Mostly, these substances are not with natural origin (as are usually marketed), but are synthesized in laboratories in Europe and Asia (mostly China and India). For the time being, the standard urine tests used daily in the clinical practice cannot detect them. The market has already offered tests which detect some of the substances from the synthetic cannabinoids group. The fact that a certain substance is still legal can offer false sense of safety, i.e. lack of harmful effects. The offer quickly adjusts to the market. Once the substance in question is listed as prohibited the laboratories immediately synthesize a new one. It can be quite similar to the first one, however the slightest change in its chemical structure lists it back among the legal substances. There are the so-called anonymous networks, i.e. “darknets”, where NPS can be purchased. The technology required to visit these networks is now included in the standard program equipment, which makes it available for a broader circle of people. All of this, in addition to the convenient price, is the reason why young users reach to the new drugs. According to the information released by DrogArt, a Slovenian NGO, NPS’s use is very popular with MSM (men who have sex with men), which leads to the occurrence of the so-called “chem-sex”, mostly because of the risky sexual behaviour associated with NPS use (the risk of sexually transmitted diseases). The fact that these substances are not researched shouldn’t be disregarded. There is no data on the pharmacodynamics and pharmacokinetics or the possible long-term consequences on the mental or physical health. The short-term negative (toxic) effects are known only from clinical cases. The use if NPS has also led to a number of death cases.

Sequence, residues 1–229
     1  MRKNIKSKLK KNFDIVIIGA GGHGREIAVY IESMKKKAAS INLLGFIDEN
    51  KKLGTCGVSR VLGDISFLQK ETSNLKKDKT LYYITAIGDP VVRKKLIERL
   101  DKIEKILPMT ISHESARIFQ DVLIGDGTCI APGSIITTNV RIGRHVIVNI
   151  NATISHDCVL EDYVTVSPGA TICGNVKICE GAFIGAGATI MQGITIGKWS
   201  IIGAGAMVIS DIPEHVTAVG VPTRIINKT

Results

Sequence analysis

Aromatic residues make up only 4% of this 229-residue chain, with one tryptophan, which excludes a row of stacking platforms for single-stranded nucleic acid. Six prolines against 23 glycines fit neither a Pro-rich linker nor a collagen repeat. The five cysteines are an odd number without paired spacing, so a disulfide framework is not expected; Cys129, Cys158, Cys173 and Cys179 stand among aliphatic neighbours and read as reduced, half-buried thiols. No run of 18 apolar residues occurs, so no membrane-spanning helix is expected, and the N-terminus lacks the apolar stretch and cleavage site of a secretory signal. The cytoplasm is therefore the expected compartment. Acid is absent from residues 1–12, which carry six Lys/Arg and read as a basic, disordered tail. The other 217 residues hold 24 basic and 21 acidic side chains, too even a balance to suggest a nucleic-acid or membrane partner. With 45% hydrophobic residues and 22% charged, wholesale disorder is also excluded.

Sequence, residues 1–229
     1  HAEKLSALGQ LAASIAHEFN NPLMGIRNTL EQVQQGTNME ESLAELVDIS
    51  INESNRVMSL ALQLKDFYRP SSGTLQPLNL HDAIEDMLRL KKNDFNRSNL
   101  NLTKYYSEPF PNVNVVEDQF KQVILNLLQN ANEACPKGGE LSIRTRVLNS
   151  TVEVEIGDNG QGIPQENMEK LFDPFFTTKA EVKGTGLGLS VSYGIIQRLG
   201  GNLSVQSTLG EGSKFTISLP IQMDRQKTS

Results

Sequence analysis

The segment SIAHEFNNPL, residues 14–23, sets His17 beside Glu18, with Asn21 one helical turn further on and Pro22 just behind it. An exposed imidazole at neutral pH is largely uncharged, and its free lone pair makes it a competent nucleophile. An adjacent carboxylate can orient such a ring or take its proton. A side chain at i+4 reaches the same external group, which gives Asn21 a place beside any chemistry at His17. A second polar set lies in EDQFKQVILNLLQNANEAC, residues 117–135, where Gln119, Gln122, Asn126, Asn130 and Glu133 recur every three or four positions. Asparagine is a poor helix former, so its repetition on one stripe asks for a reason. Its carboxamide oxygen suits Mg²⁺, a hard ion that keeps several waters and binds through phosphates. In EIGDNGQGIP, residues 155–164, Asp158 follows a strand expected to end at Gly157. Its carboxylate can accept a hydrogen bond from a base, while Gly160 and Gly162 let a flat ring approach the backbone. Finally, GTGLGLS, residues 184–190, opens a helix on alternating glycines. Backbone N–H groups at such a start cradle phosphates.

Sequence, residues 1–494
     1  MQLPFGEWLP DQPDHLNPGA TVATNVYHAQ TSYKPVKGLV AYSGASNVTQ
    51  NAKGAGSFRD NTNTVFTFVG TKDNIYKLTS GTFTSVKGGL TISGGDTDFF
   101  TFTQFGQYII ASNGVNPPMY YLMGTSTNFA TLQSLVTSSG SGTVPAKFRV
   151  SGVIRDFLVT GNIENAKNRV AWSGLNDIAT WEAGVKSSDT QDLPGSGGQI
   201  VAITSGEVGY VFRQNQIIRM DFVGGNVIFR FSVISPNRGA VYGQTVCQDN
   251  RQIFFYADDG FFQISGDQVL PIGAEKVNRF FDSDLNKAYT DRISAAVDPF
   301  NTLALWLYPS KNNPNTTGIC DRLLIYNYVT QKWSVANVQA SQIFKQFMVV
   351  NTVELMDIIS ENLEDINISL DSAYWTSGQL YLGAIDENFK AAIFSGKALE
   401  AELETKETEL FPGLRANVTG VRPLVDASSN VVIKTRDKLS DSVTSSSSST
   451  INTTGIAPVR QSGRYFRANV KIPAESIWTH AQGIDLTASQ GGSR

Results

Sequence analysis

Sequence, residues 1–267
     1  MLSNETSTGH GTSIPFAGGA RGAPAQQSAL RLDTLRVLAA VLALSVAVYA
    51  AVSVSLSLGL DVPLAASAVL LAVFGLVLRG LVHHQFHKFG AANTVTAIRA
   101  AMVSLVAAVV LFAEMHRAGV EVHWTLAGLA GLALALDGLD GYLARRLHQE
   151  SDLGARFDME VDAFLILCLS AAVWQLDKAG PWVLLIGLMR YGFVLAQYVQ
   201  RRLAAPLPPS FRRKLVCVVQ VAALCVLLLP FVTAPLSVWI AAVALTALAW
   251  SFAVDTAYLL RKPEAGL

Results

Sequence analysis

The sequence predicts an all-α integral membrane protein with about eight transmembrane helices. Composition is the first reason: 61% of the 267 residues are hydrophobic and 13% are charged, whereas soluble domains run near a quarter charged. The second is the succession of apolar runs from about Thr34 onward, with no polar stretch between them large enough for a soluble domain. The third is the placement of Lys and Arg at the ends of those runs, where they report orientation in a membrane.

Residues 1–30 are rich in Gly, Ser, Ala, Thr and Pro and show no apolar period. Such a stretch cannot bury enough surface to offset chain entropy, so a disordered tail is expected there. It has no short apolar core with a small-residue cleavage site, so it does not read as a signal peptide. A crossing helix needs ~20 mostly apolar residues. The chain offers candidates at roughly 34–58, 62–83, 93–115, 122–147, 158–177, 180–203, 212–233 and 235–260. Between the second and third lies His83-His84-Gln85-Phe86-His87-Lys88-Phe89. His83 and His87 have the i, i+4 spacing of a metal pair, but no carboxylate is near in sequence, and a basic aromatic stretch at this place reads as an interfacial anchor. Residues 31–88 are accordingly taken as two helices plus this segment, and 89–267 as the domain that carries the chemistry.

SIDE EFFECTS OF NEW PSYCHOACTIVE SUBSTANCES